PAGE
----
LP encourages kids to get freaky

Photo courtesy K Records

Ashley Goetz

Photo courtesy K Records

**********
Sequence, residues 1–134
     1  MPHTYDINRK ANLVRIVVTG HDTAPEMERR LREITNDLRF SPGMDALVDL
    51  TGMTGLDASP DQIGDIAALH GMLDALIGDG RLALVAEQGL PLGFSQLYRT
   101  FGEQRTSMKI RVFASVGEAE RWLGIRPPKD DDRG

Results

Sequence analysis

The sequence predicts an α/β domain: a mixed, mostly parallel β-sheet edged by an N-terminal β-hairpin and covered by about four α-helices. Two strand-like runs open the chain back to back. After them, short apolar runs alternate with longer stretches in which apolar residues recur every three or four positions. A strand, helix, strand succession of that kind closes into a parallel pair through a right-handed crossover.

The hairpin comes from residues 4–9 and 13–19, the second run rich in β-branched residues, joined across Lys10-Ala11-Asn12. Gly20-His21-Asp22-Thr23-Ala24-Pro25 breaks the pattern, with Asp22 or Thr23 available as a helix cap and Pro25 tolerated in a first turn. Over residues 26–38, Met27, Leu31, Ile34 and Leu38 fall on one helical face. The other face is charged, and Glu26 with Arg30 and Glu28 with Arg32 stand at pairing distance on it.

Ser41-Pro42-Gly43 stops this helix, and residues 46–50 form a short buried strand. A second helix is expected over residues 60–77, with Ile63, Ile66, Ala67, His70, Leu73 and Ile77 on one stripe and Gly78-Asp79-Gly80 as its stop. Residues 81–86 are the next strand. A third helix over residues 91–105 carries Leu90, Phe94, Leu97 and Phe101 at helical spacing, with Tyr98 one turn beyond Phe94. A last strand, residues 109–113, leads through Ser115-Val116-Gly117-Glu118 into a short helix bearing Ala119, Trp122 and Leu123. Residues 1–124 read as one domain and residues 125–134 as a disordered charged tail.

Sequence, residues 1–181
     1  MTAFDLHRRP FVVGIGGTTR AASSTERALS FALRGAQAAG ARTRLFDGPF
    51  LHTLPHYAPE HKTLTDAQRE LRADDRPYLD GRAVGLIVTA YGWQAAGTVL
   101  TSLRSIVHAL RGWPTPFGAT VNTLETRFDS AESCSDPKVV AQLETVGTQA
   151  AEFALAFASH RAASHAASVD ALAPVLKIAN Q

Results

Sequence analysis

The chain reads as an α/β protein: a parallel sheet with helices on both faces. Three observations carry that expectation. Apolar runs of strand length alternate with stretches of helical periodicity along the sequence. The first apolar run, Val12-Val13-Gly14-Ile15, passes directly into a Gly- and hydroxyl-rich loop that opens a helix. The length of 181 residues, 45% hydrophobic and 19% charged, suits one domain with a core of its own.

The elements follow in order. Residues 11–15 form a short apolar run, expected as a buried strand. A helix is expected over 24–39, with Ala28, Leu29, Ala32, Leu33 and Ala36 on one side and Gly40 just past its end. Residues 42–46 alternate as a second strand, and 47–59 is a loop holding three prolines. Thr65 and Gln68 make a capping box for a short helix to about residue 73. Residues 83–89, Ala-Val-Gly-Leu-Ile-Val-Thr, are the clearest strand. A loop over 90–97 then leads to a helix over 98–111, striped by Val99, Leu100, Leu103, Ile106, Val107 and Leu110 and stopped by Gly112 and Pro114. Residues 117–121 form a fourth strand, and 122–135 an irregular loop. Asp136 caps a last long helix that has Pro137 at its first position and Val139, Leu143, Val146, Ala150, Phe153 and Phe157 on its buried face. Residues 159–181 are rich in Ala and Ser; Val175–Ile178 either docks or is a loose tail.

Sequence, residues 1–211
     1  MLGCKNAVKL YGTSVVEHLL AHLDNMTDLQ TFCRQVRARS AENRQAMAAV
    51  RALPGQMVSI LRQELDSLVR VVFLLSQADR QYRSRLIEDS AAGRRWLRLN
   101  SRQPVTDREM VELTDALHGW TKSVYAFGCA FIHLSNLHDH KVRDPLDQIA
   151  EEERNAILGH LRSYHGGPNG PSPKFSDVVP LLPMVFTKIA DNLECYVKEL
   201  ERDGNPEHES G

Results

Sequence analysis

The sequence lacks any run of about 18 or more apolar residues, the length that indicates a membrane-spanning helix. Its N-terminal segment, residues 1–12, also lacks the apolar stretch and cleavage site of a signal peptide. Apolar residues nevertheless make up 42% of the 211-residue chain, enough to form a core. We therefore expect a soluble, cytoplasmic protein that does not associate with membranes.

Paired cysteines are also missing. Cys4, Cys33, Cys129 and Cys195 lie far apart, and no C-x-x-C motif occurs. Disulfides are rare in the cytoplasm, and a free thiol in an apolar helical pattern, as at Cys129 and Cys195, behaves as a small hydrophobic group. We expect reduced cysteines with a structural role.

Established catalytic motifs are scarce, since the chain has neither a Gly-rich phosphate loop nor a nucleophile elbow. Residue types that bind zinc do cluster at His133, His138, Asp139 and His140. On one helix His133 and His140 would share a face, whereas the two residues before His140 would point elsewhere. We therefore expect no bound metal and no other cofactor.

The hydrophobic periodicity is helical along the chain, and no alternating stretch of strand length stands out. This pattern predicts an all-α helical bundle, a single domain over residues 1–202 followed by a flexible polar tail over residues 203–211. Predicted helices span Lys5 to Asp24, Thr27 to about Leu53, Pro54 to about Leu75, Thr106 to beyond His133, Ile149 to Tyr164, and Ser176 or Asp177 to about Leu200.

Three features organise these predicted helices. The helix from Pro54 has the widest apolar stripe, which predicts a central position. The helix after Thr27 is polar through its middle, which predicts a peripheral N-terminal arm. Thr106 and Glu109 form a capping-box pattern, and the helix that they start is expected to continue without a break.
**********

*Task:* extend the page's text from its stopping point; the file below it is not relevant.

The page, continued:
Kimya Dawson and Friends ALBUM: Alphabutt LABEL: K Records When âÄúJunoâÄù premiered last year and introduced the mainstream world to Ellen Page, many also became familiar with indie darling Kimya Dawson, who, with frequent collaborator Adam Green, was responsible for giving the film its rollicking musical discordance. Who doesnâÄôt remember the last scene of the movie when Page and Michael Cera sit lovingly strumming a guitar, chirping odd endearments to-and-fro? âÄúAnyone Else But You,âÄù a tune from Dawson and GreenâÄôs band The Moldy Peaches, pinpoints the emotional climax in the teensâÄô baby drama. So itâÄôs no surprise that audiences ate the song up, many even buying the movieâÄôs soundtrack. In an interview, Barbara Walters admitted to Page that she just didnâÄôt understand the popularity of The Moldy Peaches (Mind-blowing! Earth-shattering!), but the rest of the world mostly disagreed. However, such glowing mainstream reverence for Dawson likely hasnâÄôt done much for her indie credibility. No worries âÄî her new album âÄúAlphabutt,âÄù a collection of kids songs about zoo animals and potty training (likely inspired by the birth of her daughter, Panda), will put Dawson back on the side of indie kin everywhere. Especially if they are in preschool. Like much of DawsonâÄôs past solo work, the record is infused with idiosyncratic melodies and zippy hum-alongs. What gives this disc extra edge is the oddly melodic baby moaning and the wails and cries of kids that are mashed with DawsonâÄôs creaky, peculiar voice. These incomprehensible baby words act like a special sauce on an already complicated dish. Longtime Dawson fans know that her music comes with fistfuls of oddity, as seen in lyrics like âÄúthereâÄôs a mountain goat precariously balanced on the frog stuck in my throatâÄù from 2004âÄôs album âÄúHidden Vagenda.âÄù Newcomers to her music may be a bit thrown by this immediate inundation of wackiness. Toddlers, though, will probably respond positively. The first track, âÄúLittle Monster Babies,âÄù invites us sleepy little monsters to come lie down, get comfortable and listen to a few songs. DawsonâÄôs past solo work has been equal parts silly and serious, but this time around she has left her sobering rebukes out of the picture (for the children!), and the listener knows from the get-go that a lullaby is looming. âÄúAlphabutt,âÄù the collectionâÄôs title track, is modeled after traditional alphabet ditties but highlights DawsonâÄôs somewhat less-than-conformist personality. âÄú âÄòFâÄô is for âÄòfart,âÄô âÄòGâÄô is for âÄògorilla fart,âÄô âÄòHâÄô is for âÄòhuge gorilla fart,âÄô âÄù she sings. Her music has always been highly narrative, and itâÄôs refreshing to see that DawsonâÄôs mother status hasnâÄôt watered down her Weird Quotient. What is captured in this disc is a childishness thatâÄôs both humorous and heartening âÄî an example of a fully formed adult who relishes her kid years and recalls them well. Evidence of this is in âÄúLouie,âÄù a tune devoted to a âÄúreally good doggy âĦ PandaâÄôs favorite doggy.âÄù At once catchy and unwieldy, this song, like many on this record, grows on the listener. But there is a fine line, often, between quirky and annoying. And because this collection is aimed directly at the nascent eardrums of children, the latter often rears its deformed head. The brief track âÄúPee-Pee in the PottyâÄù recounts the digestive path of a motherâÄôs milk through a daughterâÄôs body. Possibly taking things too far, the chant ends with a manic hissing, likely the sound of pee-pee entering a potty. This song is funny exactly two and a half times âÄî after that, itâÄôs creepy. But whenever Dawson takes her grim humor too far, itâÄôs easy to laugh at her intentions. Some of the fans she gained from the success of âÄúJunoâÄù may pick up the disc out of curiosity. Many though, especially those likely to turn their head at the first scent of oddity, will find themselves in the same camp as Barbara Walters âÄî confused by what theyâÄôre hearing. One thing seems true, however: If all kids listened to Kimya Dawson the world would likely be a much zanier place.